Rough illustrations, a not-quite-there translation and characters who come across as remarkably troubled for a children's app make this story seem like a good argument for keeping quiet.
One morning, bushy-haired Anton climbs into his parents' bed holding a squeak-toy rubber duck (called a "bird" throughout the story). He's quieted down immediately, and thus begins a day that seems miserable from the outside; everything that Anton does, from slurping hot soup to shuffling his feet at the museum, is discouraged by his persistently nagging father. Dad, who may be in over his head, is covering for Mom's headache and entertaining young Anton for the day. In the end, Anton and Dad end up under a bridge, banging instruments as loudly as they can, a brief respite in an otherwise grim drama about stamping out a child's every whim. Perhaps it's not meant to be that bleak, but the app's off-kilter hand-drawn look, the use of guillemets (»Don't slurp!« scolds his father) instead of quotation marks and sour adult characters make it a chore, despite some nice illustrations and competent narration. "It's weekend now and we can all rest nicely," Dad says in one typically awkward exchange. The App Store description, which describes a series of "Ridi-Apps," confirms the language issue with proclamations like, "So this Ridi allow your child to tune into a foreign language and learn it" and "Ridis can help a child to bridge waiting times." Those sentences read the way the app feels; like being stuck in a place you can't quite figure out.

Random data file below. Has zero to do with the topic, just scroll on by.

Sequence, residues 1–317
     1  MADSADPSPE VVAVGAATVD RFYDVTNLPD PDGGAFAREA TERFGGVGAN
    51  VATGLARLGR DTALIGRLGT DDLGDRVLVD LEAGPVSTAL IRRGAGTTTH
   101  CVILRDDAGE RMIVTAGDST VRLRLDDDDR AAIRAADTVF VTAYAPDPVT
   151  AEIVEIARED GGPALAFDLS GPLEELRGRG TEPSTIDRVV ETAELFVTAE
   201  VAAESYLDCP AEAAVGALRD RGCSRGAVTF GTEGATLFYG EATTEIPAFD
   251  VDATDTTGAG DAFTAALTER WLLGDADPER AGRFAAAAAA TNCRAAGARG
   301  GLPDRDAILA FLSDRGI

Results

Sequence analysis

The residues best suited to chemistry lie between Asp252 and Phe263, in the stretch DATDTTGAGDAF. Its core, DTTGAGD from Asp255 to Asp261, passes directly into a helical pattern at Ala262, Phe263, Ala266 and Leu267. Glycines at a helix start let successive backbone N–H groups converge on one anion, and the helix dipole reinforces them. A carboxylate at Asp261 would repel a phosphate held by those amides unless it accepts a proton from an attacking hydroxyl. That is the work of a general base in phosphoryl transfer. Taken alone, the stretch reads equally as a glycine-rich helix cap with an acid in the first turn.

Anton's adventure in aural admonition isn't too pleasurable; by the time he gets to make a real racket, the story's already become a jumbled, uncomfortable slog. (iPad storybook app. 4-8)